Housing and Laboratory Facilities

Accommodations are available throughout the year and provide basic accommodations at minimal cost. The dorms or dormitories are capable of housing a total of 26 people round. The apartment building accommodates up to 16 visitors in four two-bedroom apartments. All residents and visitors are expected to exercise good judgement, discretion, and the utmost care in using these facilities. Seasonal residents are expected to share a large responsibility in the upkeep of these facilities.

The Dormitories

The dormitory is the original station building, which was constructed in 1937 and is now considered of historic value. It was renovated in the early 1960s at the start of the Rain Forest Project by the Atomic Energy Commission. The dormitory is a historic building that accommodates up to 26 visitors in four rooms, each with bathrooms. Two basic kitchens with accessories including major and small appliances (e.g., toasters, plates, pots and pans, cups, and cutlery) are available for visitors to prepare their meals. The two-room dormitories have 2 bunk beds, one-room dormitory has 3 bunk beds, these rooms can accommodate 4 or 6 people for overnight stays.

Residents are required to keep the apartment clean and to leave the apartment in the condition found at time of assignment.

Mops and cleaning supplies are provided for each apartment and a vacuum is available upon request.

Station staff may enter the dorm without advanced notice to perform maintenance.

Facilities may be shared with other guests at any time.

Dorm tenants should provide: linens & blankets, pillows, toiletries and personal items.

The Apartments

The apartment building was added to the station in 2003 to provide space for 16 additional visitors in four apartments. Each apartment has its own fully-equipped kitchen, private bathroom and a dinning area.  The apartments provide high quality accommodations, compared to the historic dormitory, and are frequently used by senior scientists, long-term visitors, and also by large field courses from mainland universities. Each apartment has two rooms, a living room area and a small kitchen that is also equipped for visitors to prepare their meals, and two private bathroom (one per room).   

The Stream House

This is a two-story building located two miles from the main station facilities and outside the boundaries of El Yunque National Forest. The Stream House is used for freshwater research, has a set of large artificial streams, and access to the Espíritu Santo River.The house has 3 bedrooms and 2-bathrooms in the second floor and one apartment with 2 rooms and a 1 bathroom. The apartment is equipped with small kitchen, living area and AC in the rooms (1 bunk-bed per room). The first floor has 3-office spaces, a dry room, 1 bathroom and a small conference room (10 person).  In addition, this is our hurricane shelter. Given the high probability of having forest roads blocked by fallen tree during storms, all station users move to the Stream House where they are closer to major highways and towns.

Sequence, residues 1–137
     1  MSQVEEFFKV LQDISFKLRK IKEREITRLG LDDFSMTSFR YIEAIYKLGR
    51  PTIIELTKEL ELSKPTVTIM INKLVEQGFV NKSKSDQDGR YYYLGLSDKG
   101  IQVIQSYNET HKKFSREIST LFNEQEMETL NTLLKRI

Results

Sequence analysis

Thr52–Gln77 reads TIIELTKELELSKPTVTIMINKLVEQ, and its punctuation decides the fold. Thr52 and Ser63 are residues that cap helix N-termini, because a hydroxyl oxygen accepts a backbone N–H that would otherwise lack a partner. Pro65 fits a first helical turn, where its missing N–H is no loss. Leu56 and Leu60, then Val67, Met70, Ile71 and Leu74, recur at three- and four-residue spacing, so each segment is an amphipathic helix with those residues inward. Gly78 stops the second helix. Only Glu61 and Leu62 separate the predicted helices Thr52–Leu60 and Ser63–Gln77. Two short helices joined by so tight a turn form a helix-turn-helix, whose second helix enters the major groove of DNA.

The artificial stream facilities are composed of different sets of channels. Large channels made of PVC and supplied with water from a nearby stream, located at the Stream House, are ideal for fish and shrimp studies.

Shade Houses

A small shade house is available to researchers for plant studies.

  Laboratory facilities

 The station's laboratory have eleven offices, some of them dedicated to long-term researcher or project (STream-Fre, CTE, Luquillo Forest Dynamics Plot). Laboratory equipment includes   compound and dissecting microscopes, fiber optics illuminators, balances, drying ovens, stirrer/hot plates, and a chemical hood.

 Laboratory facilities at the station are equipped with binocular and dissecting microscopes with fiber optics light sources. Other research equipment includes drying ovens, balances, and a chemical hood. The present computer inventory includes eight PC computers. A laser printer connected to our internal network provides service to the entire station. The station also has a modest carpentry shop and a diesel generator that provides electrical backup during power outages. In addition, two vehicles owned by UPR-RP are available for routine sample collection and transport to laboratory facilities in San Juan, and for transportation of staff and visiting scientists to field sites outside the station area.


NADP Tower

A permanent walk-up tower supports environmental monitoring equipment and provides some access to canopy vegetation and fauna. The tower also houses a station for the National Atmospheric Deposition Program (NADP).


The station has a small workshop that can be used for electrical and wood work.